In England, young people have a range of options at the age of 18. If they decide to get a job, many employers offer training programmes and apprenticeships which will enable them to learn while they earn. If their chosen career means they need to get certain qualifications first, or they want to continue studying, they will usually do this at an education provider such as a Further Education (FE) college or Higher Education provider such as a university.  

Whatever they choose at 18, young people have lots of opportunities to continue learning – including getting a higher education qualification, such as a degree or higher technical qualification – throughout their career.

What to consider

While employers will usually have certain skills, knowledge and behaviours that they expect from employees, most jobs are open to people with a wide range of qualifications and experiences.

Though there are exceptions, it’s generally true that obtaining higher levels of qualifications improves the chances of a bigger salary later. These include higher technical qualifications (such as Higher apprenticeships), as well as degrees.

As with most stages of education, there are usually entry requirements for each post-18 option, such as needing to have studied particular subjects and/or achieved certain grades, in order to be accepted onto a course. For some occupations, for example in healthcare and construction, your child may need to do a specific technical qualification to get a job or move forward in their career.

Exploring the options

With so many education and employment choices available, it’s worth taking time to explore the best sources of information and advice that can help you and your child discuss next steps together.

A good place to start is by talking to your child’s school or college about what support they offer and attending their careers events and activities.

If your child is going to continue in education at 18, colleges and universities have lots of information about courses on their websites, will have open days, and will also have people (including current students) who can talk to parents and their children about the courses available.

You can also carry out your own research or your child can speak to a specialist careers adviser through their school or college, or through the National Careers Service. If your child has special educational needs and disabilities (SEND), your school or college can help you find out what support is available in your area.  You can find other sources of information about the options on the Talking Futures Resources page.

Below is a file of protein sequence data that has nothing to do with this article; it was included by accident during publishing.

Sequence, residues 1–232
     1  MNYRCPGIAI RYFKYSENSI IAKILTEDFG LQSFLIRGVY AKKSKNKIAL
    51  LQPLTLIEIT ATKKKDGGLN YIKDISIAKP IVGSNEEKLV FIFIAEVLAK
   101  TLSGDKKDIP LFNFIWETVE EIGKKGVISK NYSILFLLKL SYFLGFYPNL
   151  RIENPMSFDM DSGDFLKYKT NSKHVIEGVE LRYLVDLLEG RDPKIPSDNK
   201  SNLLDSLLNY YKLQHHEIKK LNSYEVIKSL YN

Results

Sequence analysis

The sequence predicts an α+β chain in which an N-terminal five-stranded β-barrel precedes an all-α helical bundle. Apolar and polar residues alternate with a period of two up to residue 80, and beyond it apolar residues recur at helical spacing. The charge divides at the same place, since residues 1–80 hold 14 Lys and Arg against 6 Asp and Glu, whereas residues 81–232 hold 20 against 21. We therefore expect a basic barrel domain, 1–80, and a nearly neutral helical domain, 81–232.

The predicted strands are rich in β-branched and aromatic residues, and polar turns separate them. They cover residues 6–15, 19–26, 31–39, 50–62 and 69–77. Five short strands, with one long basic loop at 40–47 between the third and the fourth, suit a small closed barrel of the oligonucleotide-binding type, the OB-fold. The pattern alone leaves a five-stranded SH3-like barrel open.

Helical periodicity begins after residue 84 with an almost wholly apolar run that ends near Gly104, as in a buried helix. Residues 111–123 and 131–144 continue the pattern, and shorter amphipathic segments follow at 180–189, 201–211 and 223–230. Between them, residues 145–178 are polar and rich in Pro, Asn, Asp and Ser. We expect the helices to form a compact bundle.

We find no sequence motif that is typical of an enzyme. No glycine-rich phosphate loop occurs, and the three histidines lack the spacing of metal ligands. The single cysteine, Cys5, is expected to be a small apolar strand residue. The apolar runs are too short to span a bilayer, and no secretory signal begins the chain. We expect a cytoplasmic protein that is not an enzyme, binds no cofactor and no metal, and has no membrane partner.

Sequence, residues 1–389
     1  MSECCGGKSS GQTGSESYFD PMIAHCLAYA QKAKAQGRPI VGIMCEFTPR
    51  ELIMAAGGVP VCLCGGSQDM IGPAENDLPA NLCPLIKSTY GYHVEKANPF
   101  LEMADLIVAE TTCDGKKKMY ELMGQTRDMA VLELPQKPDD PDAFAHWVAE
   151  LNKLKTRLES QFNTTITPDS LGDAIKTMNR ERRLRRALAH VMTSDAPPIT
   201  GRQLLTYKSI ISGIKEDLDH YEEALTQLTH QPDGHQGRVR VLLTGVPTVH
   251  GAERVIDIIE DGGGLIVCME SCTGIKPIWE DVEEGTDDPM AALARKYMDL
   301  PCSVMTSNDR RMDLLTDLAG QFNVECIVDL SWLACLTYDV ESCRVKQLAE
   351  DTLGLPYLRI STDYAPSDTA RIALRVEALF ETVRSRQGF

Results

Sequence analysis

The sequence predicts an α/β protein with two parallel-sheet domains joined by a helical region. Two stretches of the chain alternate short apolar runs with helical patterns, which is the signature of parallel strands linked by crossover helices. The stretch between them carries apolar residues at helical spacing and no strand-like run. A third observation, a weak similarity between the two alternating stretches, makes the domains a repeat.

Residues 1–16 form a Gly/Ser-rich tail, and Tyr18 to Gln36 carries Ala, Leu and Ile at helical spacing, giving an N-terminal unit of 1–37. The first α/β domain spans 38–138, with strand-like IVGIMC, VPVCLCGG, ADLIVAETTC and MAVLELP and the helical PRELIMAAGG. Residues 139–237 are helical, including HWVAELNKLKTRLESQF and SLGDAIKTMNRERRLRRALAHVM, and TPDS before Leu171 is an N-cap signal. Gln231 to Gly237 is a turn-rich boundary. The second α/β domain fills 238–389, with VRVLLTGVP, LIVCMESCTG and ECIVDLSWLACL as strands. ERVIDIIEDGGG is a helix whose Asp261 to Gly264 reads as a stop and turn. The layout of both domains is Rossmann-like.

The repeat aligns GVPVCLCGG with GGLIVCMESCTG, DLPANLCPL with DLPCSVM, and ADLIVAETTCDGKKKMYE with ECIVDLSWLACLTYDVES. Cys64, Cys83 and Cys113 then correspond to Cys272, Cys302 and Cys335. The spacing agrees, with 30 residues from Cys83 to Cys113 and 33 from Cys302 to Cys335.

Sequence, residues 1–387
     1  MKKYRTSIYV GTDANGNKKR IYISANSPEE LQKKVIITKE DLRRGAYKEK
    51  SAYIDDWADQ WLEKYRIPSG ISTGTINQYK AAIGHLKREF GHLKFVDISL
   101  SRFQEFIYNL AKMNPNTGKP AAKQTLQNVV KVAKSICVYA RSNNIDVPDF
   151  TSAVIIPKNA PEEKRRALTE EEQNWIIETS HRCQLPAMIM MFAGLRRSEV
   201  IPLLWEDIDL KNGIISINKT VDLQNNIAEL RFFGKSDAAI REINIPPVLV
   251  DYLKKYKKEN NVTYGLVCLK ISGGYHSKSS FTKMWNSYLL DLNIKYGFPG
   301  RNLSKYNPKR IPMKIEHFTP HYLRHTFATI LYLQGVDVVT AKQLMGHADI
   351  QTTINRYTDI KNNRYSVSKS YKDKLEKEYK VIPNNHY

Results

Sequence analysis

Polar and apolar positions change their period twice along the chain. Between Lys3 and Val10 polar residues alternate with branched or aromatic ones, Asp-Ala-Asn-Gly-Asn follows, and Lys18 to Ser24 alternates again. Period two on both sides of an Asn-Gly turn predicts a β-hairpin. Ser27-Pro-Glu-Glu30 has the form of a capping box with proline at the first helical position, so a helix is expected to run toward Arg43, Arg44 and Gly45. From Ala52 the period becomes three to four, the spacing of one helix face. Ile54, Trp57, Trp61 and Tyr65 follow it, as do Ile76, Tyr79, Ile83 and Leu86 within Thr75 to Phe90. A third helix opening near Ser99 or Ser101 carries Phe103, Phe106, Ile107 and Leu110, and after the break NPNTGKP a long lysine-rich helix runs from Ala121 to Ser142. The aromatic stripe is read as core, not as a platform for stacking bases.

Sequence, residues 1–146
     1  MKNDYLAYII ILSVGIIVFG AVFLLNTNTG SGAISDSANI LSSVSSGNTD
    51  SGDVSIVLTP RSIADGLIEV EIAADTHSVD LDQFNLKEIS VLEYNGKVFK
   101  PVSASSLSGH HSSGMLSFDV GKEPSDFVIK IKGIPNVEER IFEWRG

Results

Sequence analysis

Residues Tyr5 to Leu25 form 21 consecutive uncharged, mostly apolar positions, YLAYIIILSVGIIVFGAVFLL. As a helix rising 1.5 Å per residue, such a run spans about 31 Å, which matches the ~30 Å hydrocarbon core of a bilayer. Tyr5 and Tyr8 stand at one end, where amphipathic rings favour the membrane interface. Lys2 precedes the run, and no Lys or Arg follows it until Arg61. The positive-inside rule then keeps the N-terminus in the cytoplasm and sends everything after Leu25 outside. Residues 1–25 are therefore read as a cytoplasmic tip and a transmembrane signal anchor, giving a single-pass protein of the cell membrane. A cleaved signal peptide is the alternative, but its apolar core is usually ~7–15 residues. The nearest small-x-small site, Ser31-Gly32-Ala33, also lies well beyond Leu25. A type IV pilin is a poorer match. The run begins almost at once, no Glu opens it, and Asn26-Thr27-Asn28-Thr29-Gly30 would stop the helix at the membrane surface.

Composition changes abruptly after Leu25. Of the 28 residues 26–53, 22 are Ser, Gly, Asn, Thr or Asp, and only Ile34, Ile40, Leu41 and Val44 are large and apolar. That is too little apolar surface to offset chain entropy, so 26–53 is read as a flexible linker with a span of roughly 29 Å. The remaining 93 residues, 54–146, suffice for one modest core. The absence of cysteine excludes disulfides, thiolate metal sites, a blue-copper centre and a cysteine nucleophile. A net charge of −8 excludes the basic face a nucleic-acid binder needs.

Expect a lot of detail and for different sources to explain things differently. Whilst it can feel confusing, exploring with your child and learning about the options together is just as valuable as having the answers yourself.

To help you get started there is information below on three of the post-18 options available and a link to more details about each one.


  • Apprenticeships combine practical training in a paid job with study.
  • Apprentices spend most of their time at work, with at least 20% studying at a training provider.
  • Apprenticeships are offered at all levels, from Level 2 right through to Level 6 or 7 (which is bachelor’s or master’s degree equivalent). ‘Advanced’ apprenticeships are set at Level 3. Some will include a qualification.
  • Apprenticeships are offered by employers and they will advertise when they have vacancies. Vacancies are also advertised locally, for example through colleges, or on national websites.
  • After their apprenticeship is finished, most young people carry on working in the industry their apprenticeship was in.


  • There are a variety of different employment options available from age 18.
  • Schools and colleges should be able to provide access to information about the best job prospects locally.
  • Many employers offer opportunities for training to help young people build their careers.

Higher education

  • Higher Education includes:
    • bachelor’s degrees
    • master’s degrees
    • higher technical qualifications (e.g. HNC/HNDs and foundation degrees).
  • Higher education is delivered in universities and some FE colleges.
  • Study can be full-time or part-time and combined with a job.
  • A loan is usually taken out to pay the course fees, but many colleges and universities offer additional support for those in need.